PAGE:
To all families going through such a difficult time now, may you find peace and comfort during your dark days.

This is no ordinary goodbye

Suicide leaves you in a complicated place.

Grief and trauma are intertwined.

This is no ordinary goodbye.

Go gently.

Be kind to yourself.

Take as much time as you need.

Remember.

Cry some more.

Rant and rage.

Love some more.

It’s all ok.

In fact, it’s perfect.

Your heart will lead you

into a place of shelter.

Take precious care.

This is no ordinary goodbye.

 

The 7 Points On The Spectrum Of Suicide

Every three seconds, on average, someone is attempting suicide, according to research out of India. The numbers of suicide attempts are exponentially higher than the number of completed suicides, which average every 13 seconds across the globe per the World Health Organization (WHO). Tragically, every minute of every day is influenced by some aspect of suicide.

Suicidality shows itself in a range of behaviors and thoughts that can become more fixed and concretized. There is a progression of pain and disconnection. Emotions are not linear. Thoughts can be disordered and scattered. There is no straight line or exact trajectory. That said, there is a continuum of suicide, where aspects of suicidality are portrayed by each individual in their own idiosyncratic manner.

Over my 30+ years of clinical work, these are the aspects of suicide I have seen in the consultation room and through crisis intervention lines. There are seven points on this spectrum, each with its own degree of severity. Clearly, some points are more intense and critical than others, but each is to be taken seriously and warrants professional help.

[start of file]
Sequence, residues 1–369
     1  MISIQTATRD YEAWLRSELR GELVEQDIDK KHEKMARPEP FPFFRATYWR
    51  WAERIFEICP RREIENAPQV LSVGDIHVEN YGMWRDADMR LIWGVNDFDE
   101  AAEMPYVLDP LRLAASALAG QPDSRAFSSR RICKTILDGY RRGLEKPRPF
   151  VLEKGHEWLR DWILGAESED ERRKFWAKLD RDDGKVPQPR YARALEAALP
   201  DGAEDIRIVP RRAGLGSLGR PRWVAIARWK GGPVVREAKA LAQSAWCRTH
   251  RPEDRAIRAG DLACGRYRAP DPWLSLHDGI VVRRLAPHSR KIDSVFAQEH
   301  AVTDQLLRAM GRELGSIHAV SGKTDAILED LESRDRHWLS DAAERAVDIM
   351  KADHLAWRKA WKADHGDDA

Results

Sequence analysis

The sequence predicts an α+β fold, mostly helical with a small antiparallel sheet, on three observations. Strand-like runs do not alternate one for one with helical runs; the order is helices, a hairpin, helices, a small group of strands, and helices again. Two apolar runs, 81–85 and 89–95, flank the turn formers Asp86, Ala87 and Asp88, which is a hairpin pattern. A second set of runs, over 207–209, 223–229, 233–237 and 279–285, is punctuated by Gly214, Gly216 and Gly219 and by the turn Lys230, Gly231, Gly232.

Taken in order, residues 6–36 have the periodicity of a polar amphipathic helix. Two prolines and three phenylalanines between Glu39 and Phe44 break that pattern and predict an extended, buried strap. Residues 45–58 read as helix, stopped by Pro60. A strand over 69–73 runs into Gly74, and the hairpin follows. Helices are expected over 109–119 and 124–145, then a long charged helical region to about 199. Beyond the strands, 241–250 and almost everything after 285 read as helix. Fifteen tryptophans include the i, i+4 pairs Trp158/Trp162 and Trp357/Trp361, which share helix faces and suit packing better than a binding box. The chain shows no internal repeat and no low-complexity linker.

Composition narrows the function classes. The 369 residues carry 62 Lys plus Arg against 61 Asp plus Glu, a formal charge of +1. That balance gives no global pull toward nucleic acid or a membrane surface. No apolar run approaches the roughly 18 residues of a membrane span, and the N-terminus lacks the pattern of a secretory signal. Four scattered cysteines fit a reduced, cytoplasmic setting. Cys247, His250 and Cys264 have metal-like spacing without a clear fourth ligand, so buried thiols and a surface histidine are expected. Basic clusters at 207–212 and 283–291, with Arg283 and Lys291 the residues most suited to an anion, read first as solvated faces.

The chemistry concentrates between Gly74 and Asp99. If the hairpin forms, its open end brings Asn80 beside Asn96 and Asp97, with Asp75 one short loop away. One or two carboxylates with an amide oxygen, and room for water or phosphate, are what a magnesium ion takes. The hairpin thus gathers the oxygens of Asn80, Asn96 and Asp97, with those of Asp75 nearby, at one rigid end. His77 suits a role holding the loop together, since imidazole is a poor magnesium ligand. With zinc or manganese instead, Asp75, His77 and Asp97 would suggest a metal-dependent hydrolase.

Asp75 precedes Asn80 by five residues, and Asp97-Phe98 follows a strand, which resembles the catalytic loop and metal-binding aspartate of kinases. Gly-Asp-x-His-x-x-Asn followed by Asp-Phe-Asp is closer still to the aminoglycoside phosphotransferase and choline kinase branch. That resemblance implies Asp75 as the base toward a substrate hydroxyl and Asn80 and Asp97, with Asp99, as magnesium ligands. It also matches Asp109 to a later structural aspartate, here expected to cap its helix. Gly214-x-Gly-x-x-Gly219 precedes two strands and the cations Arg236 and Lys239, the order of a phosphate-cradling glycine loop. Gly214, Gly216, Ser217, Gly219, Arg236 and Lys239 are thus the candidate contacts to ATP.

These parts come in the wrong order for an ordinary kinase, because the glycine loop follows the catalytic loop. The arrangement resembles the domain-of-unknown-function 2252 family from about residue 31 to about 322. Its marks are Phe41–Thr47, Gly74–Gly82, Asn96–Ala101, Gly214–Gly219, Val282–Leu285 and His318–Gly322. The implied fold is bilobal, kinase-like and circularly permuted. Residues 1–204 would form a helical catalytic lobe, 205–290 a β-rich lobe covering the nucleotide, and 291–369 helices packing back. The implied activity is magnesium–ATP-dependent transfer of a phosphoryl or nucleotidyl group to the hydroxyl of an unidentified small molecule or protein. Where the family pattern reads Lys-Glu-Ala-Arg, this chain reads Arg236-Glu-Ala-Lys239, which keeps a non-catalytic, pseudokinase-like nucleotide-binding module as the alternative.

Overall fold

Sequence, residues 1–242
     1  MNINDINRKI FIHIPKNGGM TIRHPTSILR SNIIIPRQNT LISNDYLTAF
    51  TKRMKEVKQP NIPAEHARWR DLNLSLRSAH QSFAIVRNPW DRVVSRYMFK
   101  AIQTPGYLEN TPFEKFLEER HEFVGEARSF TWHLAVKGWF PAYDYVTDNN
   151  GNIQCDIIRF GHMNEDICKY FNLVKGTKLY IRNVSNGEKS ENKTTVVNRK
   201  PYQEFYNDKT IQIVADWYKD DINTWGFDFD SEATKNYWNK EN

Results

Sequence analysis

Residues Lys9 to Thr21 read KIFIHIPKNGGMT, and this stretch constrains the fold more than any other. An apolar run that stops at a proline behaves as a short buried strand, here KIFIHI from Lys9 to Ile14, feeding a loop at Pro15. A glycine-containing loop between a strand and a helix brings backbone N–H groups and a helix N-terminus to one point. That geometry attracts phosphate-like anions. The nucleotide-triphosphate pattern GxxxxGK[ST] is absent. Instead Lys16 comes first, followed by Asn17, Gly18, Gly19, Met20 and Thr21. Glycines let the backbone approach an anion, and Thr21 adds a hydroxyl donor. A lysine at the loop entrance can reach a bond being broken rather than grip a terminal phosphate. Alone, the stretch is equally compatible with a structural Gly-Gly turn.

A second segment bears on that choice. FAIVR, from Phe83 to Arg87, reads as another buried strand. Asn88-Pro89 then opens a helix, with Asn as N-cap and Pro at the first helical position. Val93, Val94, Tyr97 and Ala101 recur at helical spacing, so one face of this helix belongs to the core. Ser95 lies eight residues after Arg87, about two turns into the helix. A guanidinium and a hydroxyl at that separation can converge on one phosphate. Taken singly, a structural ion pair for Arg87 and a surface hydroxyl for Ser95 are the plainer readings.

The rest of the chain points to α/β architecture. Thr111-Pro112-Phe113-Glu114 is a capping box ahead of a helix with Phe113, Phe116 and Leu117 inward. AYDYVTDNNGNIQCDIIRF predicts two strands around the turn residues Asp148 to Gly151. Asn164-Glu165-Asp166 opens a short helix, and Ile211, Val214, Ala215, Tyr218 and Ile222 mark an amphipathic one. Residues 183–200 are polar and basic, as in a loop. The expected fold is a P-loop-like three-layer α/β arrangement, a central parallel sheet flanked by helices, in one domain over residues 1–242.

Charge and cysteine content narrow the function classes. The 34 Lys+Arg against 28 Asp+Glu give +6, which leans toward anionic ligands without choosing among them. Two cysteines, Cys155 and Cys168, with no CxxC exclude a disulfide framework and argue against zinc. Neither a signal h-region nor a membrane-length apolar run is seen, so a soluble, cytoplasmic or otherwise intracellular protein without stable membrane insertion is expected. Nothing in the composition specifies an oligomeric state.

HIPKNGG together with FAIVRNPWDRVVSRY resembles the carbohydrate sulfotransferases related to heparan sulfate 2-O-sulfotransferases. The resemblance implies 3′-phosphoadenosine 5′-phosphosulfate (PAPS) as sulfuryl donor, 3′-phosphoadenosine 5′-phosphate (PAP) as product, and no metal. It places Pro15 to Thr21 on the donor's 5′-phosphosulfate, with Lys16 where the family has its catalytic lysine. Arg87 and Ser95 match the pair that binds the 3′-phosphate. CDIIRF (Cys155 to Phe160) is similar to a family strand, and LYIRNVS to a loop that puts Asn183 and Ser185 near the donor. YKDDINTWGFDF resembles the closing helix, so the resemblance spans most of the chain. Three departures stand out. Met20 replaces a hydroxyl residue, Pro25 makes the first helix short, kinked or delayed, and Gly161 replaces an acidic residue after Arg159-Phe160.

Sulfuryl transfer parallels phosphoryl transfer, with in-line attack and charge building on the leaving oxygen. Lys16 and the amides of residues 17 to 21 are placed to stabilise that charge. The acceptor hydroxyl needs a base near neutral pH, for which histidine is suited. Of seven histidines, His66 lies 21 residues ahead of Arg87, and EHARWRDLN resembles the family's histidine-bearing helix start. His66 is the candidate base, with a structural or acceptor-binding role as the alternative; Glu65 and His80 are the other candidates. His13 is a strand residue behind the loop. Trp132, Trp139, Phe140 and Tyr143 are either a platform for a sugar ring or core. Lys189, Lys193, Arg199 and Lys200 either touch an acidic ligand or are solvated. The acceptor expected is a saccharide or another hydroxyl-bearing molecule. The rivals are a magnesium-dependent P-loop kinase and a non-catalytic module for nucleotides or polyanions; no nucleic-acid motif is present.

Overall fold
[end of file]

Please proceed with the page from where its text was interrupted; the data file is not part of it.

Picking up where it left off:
1. Ideation
Quite simply, you are thinking about suicide. You are rolling the idea around in your brain. Does this make sense for me? Would it be my answer?

Many people consider suicide in the abstract. What if? Thinking does not necessarily mean doing. Ideation is considering the option — usually, when there seem to be few options, and distress and overwhelm are at the fore.

2. Gestures
This is a seeming attempt at suicide by self-injury without serious or fatal consequences. Taking an overdose of aspirin or cutting one’s wrists are good examples.

(Please note, there is a distinction between self-harm and suicidal gestures. Cutting as self-harm is intended to relieve crushing emotions or to be able to feel something and no longer be numb; whereas, the intention of suicide is to cease the painful feelings and end one’s life. That said, be it self-harm — very common with trauma survivors who are at risk for suicide — or a suicidal gesture, both indicate a need for professional help.)